Ingram
v.
State

This case is not covered by Casetext's citator
COURT OF APPEALS THIRTEENTH DISTRICT OF TEXAS CORPUS CHRISTI - EDINBURGDec 6, 2018
NUMBER 13-17-00490-CR (Tex. App. Dec. 6, 2018)

NUMBER 13-17-00490-CR

12-06-2018

JAMES INGRAM JR., Appellant, v. THE STATE OF TEXAS, Appellee.


On appeal from the 25th District Court of Gonzales County, Texas.

MEMORANDUM OPINION

Before Chief Justice Valdez and Justices Contreras and Benavides
Memorandum Opinion by Justice Contreras

Appellant James Ingram Jr. appeals his conviction for assault on a public servant, a third-degree felony. See TEX. PENAL CODE ANN. § 22.01(a)(1), (b)(1) (West, Westlaw through 2017 1st C.S.). By two issues, appellant argues that: (1) there was insufficient evidence to support his conviction, and (2) his presumption of innocence and due process rights were violated because the trial court asked the jurors to recite the Pledge of Allegiance. We affirm.

I. BACKGROUND

Appellant was indicted on one count of assault on a public servant. See id. The indictment included two enhancement paragraphs. On the day of trial, after the jury had entered the courtroom but before they were seated, the trial court stated "Please join me in the Pledge of Allegiance." The jury was then sworn in and trial proceedings commenced.

The State first called Officer Daniel Torres of the Luling Police Department. At the time of appellant's offense, Torres was employed with the Nixon Police Department. Torres initiated a traffic stop of appellant's vehicle after he observed appellant driving. Torres was aware that appellant's license was suspended, and he confirmed that fact over the computer prior to the traffic stop. According to Torres, appellant ignored the flashing police lights and continued to drive a short distance until he parked at his residence. Once there, appellant exited his vehicle, and Torres informed appellant he was being placed under arrest for driving without a license. Torres repeatedly instructed appellant to place his hands behind his back, but appellant refused to comply. Appellant's girlfriend and wife were also present at the scene.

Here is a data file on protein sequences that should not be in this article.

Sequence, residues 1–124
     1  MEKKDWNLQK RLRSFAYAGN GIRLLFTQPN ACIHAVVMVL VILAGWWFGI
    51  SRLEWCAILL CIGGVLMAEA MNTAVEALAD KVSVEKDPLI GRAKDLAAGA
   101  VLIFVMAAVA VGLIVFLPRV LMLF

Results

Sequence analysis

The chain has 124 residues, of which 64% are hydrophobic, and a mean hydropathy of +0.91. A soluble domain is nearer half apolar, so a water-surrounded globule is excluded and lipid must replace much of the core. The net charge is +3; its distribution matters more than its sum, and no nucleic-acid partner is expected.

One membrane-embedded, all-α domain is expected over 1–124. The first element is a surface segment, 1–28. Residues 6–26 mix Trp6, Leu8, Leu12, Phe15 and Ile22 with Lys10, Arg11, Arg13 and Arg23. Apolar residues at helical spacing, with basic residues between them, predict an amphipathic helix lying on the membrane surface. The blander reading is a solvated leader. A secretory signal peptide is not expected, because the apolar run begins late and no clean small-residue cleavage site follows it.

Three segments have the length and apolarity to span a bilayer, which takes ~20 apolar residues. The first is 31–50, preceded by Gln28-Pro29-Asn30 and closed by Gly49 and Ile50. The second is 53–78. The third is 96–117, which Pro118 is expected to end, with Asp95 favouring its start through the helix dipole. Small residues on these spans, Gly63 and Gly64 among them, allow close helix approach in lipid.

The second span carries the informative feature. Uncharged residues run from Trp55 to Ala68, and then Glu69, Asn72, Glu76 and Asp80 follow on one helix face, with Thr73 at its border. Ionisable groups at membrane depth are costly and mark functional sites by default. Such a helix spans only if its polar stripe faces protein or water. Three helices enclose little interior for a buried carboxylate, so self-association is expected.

After appellant failed to comply with Torres's commands, Torres attempted to grab appellant's arm to place him under arrest. According to Torres, when he grabbed appellant's arm, appellant "pushed with both hands and punched" in one simultaneous motion, striking Torres in the chest and in the face. The strike knocked Torres into the lawn tractor beside him, but he regained his balance and successfully placed appellant under arrest. Torres explained the strike caused his face to sting, caused it to be sore that night, and caused it to be swollen the next day.

Torres radioed for back up, and Deputy Jared Brumme of the Gonzales County Sheriff's Office responded to the call. Brumme testified that when he arrived he noticed Torres was a bit shaken from the struggle with appellant and that Torres had a small amount of redness on his cheek area.

As his witnesses, appellant called his girlfriend, Darcy Clifton, and his wife, Carolyn Thomas. Clifton testified that Torres pushed appellant as he attempted to put handcuffs on him and that appellant then pushed Torres back, causing him to trip over the lawnmower. Clifton denied seeing appellant punch Torres. Thomas testified that appellant and Torres "started tussling" as Torres attempted to handcuff appellant. As they struggled, according to Thomas, both Torres and appellant fell. Thomas testified she never saw appellant strike Torres.

The jury found appellant guilty. The trial court found the enhancement allegations true and assessed punishment at twenty-five years in the Texas Department of Criminal Justice—Institutional Division. This appeal followed.

II. SUFFICIENCY OF THE EVIDENCE

By his first issue, appellant argues that the evidence was insufficient to support his conviction.

A. Standard of Review